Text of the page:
Posted by Brigham and Women's Hospital December 14, 2016
Carcinoid tumor cells.
Carcinoid tumors are rare, often slow-growing tumors that form from neuroendocrine cells found throughout the body. Carcinoid tumors most commonly arise in the gastrointestinal system, including the appendix, small intestine, or rectum, but may occur in other sites, including the lungs.
In most cases, there is no clear cause of carcinoid tumors. There does not appear to be a strong association between cases of these tumors and typical cancer risk factors such as smoking and exposure to environmental toxins. In rare cases, carcinoid tumors can be linked to hereditary conditions such as multiple endocrine neoplasia types 1 and 2 and Von-Hippel Lindau disease.
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Posted by Brigham and Women's Hospital November 29, 2016
Joann (center) with her daughters, Mei and Lia.
Today’s post is written by Joann Totten, a patient at Dana-Farber/Brigham and Women’s Cancer Center.
As a non-smoker, I never imagined I would be diagnosed with stage IV lung cancer, let alone at age 50. But that’s what happened on Aug. 5, 2015, just six weeks after I started experiencing a non-productive cough. The doctors felt certain it was bronchitis, but as a radiation therapist for more than 20 years, I advocated for myself and insisted on a chest x-ray, which came back a bit abnormal. After additional testing for tuberculosis and pneumonia, I began experiencing shortness of breath and had another chest x-ray and CT scan. When I saw the scan, which was hard to believe was mine; I knew immediately I had cancer. A few days later, a biopsy confirmed my diagnosis: non-small cell lung cancer, stage IV.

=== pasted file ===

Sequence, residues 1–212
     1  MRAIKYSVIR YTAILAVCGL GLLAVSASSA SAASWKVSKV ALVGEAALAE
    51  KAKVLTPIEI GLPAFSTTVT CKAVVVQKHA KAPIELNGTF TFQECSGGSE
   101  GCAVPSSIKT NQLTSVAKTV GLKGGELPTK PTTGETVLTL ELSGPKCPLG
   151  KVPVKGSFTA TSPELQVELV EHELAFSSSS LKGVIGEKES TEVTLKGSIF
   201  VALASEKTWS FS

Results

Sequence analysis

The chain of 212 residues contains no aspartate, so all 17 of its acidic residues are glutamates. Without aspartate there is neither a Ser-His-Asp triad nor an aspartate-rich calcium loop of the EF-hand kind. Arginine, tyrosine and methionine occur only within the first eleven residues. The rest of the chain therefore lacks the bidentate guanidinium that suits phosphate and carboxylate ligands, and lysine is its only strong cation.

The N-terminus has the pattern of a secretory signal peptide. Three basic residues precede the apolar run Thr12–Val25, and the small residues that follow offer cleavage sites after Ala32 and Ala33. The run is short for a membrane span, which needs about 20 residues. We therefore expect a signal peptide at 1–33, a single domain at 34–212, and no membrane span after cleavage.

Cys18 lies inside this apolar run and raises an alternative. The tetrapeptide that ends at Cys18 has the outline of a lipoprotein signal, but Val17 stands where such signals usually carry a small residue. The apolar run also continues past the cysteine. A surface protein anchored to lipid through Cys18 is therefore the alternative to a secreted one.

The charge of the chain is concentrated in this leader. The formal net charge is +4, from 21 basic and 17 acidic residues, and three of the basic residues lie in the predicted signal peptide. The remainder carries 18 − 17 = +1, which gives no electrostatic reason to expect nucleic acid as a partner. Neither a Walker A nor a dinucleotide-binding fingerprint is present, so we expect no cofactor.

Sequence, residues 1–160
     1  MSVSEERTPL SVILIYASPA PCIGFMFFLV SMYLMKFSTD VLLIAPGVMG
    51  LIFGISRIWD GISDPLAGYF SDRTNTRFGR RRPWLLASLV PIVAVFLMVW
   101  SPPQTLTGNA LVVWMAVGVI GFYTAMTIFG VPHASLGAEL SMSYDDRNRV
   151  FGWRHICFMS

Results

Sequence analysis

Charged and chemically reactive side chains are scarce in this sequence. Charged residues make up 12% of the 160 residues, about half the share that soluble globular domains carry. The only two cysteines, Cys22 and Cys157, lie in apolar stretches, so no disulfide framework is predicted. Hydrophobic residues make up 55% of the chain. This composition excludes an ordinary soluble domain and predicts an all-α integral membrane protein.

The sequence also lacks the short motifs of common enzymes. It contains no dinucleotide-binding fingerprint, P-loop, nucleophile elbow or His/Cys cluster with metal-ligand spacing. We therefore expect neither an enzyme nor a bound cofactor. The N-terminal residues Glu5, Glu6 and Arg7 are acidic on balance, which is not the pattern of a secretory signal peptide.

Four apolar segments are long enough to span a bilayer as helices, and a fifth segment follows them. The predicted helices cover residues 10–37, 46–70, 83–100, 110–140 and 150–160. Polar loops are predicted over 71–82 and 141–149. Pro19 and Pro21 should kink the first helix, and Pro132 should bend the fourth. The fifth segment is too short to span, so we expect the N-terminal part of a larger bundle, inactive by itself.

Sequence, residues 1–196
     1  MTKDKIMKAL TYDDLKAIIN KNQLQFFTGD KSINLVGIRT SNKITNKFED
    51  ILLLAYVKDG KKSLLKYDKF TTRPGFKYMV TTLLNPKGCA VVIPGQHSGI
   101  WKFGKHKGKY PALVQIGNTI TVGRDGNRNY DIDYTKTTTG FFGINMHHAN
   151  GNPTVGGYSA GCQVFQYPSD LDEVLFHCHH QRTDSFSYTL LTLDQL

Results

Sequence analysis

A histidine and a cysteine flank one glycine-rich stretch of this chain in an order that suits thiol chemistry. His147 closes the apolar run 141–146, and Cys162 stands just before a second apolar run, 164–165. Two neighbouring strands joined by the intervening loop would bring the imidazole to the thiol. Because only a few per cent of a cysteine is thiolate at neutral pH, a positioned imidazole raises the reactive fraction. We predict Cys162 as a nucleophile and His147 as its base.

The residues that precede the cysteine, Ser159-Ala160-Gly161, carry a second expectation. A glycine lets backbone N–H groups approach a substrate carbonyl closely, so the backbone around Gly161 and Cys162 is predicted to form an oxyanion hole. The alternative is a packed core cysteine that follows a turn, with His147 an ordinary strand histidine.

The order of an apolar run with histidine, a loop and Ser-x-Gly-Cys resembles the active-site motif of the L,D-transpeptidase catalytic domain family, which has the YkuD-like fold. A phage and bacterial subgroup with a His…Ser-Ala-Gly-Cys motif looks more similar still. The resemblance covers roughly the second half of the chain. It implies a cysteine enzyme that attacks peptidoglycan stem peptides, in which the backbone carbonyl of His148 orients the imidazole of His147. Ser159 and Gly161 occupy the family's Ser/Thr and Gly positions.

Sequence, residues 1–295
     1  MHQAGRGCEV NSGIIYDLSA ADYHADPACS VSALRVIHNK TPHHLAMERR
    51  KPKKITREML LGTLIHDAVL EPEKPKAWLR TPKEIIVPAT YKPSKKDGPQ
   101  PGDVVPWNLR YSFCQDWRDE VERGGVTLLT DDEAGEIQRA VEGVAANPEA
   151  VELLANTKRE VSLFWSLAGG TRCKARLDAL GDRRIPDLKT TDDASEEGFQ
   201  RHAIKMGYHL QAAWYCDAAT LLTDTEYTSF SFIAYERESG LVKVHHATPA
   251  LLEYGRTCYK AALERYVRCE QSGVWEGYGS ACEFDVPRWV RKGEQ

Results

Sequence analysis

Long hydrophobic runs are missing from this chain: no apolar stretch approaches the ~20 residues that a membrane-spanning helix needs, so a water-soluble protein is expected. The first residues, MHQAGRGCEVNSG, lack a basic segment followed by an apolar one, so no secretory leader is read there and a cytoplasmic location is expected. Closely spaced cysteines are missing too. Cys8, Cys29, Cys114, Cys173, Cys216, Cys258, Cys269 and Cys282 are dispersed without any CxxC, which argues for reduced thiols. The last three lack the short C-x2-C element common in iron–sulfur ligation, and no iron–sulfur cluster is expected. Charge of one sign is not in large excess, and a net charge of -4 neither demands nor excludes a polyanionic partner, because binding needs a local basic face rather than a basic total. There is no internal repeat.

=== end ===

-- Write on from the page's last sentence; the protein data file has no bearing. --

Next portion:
Although it’s been more than a year, it’s still so hard to believe I have lung cancer. I never smoked, I exercise, and I eat very healthy; I thought I took pretty good care of myself. But cancer doesn’t discriminate; all you need are lungs to be diagnosed with this disease. Read More »
Posted by Blog Administrator May 24, 2012
David Reardon: "Analysis of tumors means we can recommend clinical trials that offer patients the most promise and hope."
More than 600,000 people in the United States are living with a primary brain tumor – one that begins and stays in the brain – and over 60,000 adults and children will be diagnosed with a brain tumor this year. In recognition of May as Brain Tumor Awareness Month, we asked Dr. David Reardon, clinical director of the Center for Neuro-Oncology at Dana-Farber/Brigham and Women’sCancerCenter, for the latest advances in brain tumor research and patient care.
Q. What are some of the challenges in treating brain tumors that you’re researching?
A. For one thing, glioblastomas – the most common and aggressive primary brain tumors – are genetically very complex. The tumor cells are driven by multiple abnormal gene pathways, so we’re starting to use combinations of targeted drugs in “cocktails” that can block several pathways at once.
In addition, glioblastoma cells are adept at developing resistance to chemotherapy. We can now measure some enzymes whose levels predict which patients are more likely to develop resistance to a given drug.
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